The Analytic Hour of J. Alfred Prufrock

PRUFROCK (settling a pillow by his head): Then how should I begin to spit out all the butt-ends of my days and ways?

ANALYST is silent.

PRUFROCK: Shall I say, “I have gone at dusk through narrow streets. And watched the smoke that rises from the pipes of lonely men in shirt-sleeves, leaning out of windows”?

ANALYST: Say whatever comes to mind.

PRUFROCK: Shall I part my hair behind? Do I dare to eat a peach? Should I, after tea and cakes and ices, have the strength to force the moment to its crisis?

ANALYST: You seem conflicted.

PRUFROCK (turning toward the window): That is not what I meant at all. That is not it, at all.

ANALYST: No? Can you say some more?

PRUFROCK: It is impossible to say just what I mean!

ANALYST is silent.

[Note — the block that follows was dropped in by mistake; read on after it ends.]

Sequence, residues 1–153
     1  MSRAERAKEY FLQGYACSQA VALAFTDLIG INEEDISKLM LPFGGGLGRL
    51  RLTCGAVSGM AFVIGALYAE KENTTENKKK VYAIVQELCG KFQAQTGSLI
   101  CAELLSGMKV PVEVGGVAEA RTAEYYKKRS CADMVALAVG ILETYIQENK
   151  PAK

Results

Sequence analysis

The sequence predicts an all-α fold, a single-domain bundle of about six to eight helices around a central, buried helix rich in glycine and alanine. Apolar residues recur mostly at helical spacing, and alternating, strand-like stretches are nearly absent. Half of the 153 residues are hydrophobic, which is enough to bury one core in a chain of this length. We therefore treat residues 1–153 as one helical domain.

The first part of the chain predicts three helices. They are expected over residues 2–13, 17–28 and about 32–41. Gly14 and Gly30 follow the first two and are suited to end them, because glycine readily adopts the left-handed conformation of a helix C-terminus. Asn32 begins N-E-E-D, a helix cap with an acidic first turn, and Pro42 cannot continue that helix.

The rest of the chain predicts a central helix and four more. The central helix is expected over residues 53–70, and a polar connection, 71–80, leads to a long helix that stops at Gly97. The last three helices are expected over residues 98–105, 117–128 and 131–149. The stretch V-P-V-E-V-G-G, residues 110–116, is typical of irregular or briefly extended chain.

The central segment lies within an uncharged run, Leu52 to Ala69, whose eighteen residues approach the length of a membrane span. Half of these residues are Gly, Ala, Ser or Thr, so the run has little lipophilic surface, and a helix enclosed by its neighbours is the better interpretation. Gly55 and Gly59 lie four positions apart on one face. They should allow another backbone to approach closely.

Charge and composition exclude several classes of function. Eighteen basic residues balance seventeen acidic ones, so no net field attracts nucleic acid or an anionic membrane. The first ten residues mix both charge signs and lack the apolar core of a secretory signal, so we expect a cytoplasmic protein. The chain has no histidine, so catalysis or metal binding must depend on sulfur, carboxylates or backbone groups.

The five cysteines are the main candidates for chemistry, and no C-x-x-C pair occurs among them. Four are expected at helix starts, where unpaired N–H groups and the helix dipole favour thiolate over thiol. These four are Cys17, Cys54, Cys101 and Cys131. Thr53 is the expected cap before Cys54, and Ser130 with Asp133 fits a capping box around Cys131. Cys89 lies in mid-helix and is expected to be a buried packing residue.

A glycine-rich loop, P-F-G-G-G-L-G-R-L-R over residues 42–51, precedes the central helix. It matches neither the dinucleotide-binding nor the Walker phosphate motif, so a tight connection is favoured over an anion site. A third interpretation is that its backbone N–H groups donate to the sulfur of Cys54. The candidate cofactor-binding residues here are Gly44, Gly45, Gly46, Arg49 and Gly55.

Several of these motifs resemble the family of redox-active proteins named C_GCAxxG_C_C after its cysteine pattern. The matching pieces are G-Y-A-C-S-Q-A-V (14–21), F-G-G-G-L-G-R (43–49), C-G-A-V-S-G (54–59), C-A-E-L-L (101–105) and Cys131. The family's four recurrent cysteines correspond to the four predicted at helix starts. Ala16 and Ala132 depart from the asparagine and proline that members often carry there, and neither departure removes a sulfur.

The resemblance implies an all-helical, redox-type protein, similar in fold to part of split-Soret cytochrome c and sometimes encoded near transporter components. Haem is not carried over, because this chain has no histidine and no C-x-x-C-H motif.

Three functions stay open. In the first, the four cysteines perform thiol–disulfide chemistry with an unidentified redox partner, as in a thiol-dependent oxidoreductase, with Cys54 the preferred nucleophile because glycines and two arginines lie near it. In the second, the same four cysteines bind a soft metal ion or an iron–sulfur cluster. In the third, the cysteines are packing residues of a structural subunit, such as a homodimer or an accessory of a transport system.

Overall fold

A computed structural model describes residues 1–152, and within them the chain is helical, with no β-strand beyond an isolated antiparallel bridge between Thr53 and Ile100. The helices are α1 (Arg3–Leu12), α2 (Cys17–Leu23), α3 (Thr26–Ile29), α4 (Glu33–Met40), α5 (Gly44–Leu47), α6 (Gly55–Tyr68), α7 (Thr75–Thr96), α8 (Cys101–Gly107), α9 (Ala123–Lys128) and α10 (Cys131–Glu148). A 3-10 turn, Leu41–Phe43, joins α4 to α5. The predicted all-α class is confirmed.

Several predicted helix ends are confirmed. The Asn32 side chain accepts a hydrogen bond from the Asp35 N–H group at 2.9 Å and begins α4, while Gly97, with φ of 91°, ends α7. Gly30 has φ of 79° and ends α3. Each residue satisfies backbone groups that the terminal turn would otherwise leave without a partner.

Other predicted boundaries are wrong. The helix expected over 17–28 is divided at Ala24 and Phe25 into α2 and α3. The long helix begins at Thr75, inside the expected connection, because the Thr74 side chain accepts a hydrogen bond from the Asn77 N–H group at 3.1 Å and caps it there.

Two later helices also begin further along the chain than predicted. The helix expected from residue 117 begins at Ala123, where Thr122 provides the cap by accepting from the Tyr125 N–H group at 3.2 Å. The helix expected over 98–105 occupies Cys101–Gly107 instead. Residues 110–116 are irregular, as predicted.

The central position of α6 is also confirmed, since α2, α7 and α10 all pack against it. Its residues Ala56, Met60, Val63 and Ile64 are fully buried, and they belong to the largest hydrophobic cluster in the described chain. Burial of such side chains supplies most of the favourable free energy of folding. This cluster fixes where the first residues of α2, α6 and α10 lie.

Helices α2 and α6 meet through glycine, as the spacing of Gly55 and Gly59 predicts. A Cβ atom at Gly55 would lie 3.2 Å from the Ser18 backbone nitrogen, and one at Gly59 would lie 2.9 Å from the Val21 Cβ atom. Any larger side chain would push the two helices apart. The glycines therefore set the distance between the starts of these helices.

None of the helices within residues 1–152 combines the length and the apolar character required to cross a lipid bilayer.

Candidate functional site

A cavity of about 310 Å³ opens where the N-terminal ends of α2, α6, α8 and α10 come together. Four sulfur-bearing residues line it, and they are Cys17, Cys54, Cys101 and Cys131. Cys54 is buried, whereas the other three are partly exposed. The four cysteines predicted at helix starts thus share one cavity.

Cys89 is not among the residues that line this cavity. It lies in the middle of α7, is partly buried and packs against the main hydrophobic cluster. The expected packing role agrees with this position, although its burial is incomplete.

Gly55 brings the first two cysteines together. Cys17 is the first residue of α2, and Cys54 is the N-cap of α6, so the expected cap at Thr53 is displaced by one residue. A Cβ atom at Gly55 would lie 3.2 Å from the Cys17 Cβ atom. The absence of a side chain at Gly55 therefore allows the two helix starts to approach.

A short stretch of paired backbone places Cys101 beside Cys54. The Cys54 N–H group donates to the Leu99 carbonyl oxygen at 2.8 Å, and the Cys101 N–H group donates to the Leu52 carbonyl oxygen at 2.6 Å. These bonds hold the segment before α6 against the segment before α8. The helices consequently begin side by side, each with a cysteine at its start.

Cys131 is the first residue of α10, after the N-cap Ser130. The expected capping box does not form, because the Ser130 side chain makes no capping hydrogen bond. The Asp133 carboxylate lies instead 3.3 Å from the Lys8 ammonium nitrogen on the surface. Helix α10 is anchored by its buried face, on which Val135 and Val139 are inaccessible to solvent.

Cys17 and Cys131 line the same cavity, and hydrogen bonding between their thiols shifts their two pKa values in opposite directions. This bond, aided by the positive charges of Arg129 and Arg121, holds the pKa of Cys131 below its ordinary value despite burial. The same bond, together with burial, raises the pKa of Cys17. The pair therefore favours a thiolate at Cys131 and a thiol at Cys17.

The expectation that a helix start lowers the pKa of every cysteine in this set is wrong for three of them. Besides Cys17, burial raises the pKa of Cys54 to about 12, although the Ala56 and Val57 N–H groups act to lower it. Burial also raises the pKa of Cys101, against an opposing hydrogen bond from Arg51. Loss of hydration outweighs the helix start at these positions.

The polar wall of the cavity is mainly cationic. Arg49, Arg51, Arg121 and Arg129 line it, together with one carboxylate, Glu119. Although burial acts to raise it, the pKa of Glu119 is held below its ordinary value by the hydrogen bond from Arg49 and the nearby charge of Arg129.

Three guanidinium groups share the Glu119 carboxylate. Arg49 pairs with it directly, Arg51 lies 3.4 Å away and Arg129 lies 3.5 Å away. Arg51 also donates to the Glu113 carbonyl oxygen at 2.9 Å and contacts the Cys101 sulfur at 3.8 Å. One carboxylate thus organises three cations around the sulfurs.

PRUFROCK: I know the voices dying with a dying fall.

ANALYST (taking notes): Voices?

PRUFROCK: They will say: “How his hair is growing thin!”

ANALYST: Anything else?

PRUFROCK: They will say: “But how his arms and legs are thin!”

ANALYST: So, these are critical voices.

PRUFROCK: That is not it at all. That is now what I meant at all.

ANALYST is silent.

PRUFROCK: I have heard the mermaids singing, each to each.


PRUFROCK: I do not think that they will sing to me.

ANALYST is silent.

PRUFROCK: I should have been a pair of ragged claws scuttling across the floors of silent seas.

ANALYST: Aren’t you being a bit hard on yourself?

PRUFROCK: A tedious argument of insidious intent! And I have seen the eternal Footman hold my coat, and snicker.

ANALYST: The “eternal Footman”?

PRUFROCK: Oh, do not ask “What is it?”!

ANALYST: This is what we call “resistance.”

Both PRUFROCK and ANALYST are silent.

PRUFROCK: I was afraid.

ANALYST (setting aside notes): I’m sorry. Our time is up.

A Letter and a Photograph

That night, L couldn’t fall asleep. The portrait he saw hanging in Hye-gyŏng’s room lingered before his eyes.